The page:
# Pi with Machin's formula (Haskell)

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# Machin's formula

A simple way to compute the mathematical constant π ≈ 3.14159 with any desired precision is due to John Machin. In 1706, he found the formula

which he used along with the Taylor series expansion of the arc cotangent function,

to calculate 100 decimals by hand. The formula is well suited for computer implementation, both to compute π with little coding effort (adding up the series term by term) and using more advanced strategies (such as binary splitting) for better speed.

## Contents

In order to obtain n digits, we will use fixed-point arithmetic to compute π × 10n as a regular integer.

## High-precision arccot computation

To calculate arccot of an argument x, we start by dividing the number 1 (represented by 10n, which we provide as the argument unity) by x to obtain the first term. We then repeatedly divide by x2 and a counter value that runs over 3, 5, 7, ..., to obtain each next term. The summation is stopped at the first zero term, which in this fixed-point representation corresponds to a real value less than 10-n.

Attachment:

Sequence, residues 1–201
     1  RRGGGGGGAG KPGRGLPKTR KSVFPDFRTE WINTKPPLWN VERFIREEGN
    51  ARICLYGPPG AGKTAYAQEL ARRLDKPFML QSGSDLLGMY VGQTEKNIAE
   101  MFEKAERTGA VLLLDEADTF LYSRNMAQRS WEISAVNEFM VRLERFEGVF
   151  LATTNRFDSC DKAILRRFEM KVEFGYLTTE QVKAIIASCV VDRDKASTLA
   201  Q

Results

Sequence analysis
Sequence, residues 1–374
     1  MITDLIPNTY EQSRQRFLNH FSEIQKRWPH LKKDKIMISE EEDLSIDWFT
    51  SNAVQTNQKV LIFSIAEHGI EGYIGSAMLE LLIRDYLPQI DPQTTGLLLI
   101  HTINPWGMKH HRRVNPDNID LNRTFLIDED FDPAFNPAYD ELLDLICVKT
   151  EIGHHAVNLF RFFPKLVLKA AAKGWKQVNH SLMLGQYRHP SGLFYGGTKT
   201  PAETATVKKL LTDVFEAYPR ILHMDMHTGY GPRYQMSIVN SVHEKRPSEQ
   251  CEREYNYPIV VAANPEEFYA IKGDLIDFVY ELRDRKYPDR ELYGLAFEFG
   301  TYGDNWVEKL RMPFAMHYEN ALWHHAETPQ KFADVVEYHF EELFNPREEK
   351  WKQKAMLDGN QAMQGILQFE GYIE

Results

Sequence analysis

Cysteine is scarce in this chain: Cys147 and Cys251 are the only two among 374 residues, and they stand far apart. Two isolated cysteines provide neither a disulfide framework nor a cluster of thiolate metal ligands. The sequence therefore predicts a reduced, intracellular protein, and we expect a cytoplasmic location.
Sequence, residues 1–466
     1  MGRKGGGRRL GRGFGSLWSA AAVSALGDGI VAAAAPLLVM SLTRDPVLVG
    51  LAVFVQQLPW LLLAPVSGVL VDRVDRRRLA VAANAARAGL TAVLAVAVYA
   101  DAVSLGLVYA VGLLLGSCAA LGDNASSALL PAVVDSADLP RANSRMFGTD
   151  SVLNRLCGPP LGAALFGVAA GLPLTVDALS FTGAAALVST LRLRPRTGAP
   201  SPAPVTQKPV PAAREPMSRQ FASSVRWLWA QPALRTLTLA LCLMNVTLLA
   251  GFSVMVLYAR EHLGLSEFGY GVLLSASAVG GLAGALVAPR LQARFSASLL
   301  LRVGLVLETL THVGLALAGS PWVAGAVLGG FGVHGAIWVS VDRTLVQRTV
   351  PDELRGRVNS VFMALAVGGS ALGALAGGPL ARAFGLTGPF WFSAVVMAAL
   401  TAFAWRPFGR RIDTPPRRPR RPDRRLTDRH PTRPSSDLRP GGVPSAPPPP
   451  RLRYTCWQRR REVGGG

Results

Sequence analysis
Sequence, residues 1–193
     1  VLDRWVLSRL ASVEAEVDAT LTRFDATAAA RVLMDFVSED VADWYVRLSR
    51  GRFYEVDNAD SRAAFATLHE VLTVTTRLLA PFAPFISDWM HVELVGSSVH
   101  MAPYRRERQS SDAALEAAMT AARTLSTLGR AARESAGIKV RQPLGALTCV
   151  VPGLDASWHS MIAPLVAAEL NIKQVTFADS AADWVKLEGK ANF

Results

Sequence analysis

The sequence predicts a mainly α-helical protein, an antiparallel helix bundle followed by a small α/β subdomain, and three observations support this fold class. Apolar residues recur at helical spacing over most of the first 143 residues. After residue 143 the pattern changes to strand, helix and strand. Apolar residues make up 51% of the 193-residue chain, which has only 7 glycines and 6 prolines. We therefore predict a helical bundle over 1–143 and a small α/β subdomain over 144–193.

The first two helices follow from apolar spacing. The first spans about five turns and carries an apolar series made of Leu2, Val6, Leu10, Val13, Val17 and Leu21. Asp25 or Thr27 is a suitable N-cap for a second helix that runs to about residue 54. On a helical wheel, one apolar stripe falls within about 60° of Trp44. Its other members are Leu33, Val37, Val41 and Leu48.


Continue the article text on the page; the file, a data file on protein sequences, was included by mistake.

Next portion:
```<<arccot>>=
arccot x unity =
arccot' x unity 0 start 1 1
where start = unity `div` x
arccot' x unity sum xpower n sign | xpower `div` n == 0 = sum
| otherwise           =
arccot' x unity (sum + sign*term) (xpower `div` (x*x)) (n+2) (-sign)
where term = xpower `div` n
```

## Applying Machin's formula

Finally, the main function, which uses Machin's formula to compute π using the necessary level of precision (the name "pi" conflicts with the pre-defined value "pi" in Prelude):

```<<pi>>=
machin_pi digits = pi' `div` (10 ^ 10)
where unity = 10 ^ (digits+10)
pi' = 4 * (4 * arccot 5 unity - arccot 239 unity)
```

Now we put it all together in a module:

```<<machin.hs>>=
arccot
pi
```

## Running

```\$ ghci
GHCi, version 6.8.2: http://www.haskell.org/ghc/  :? for help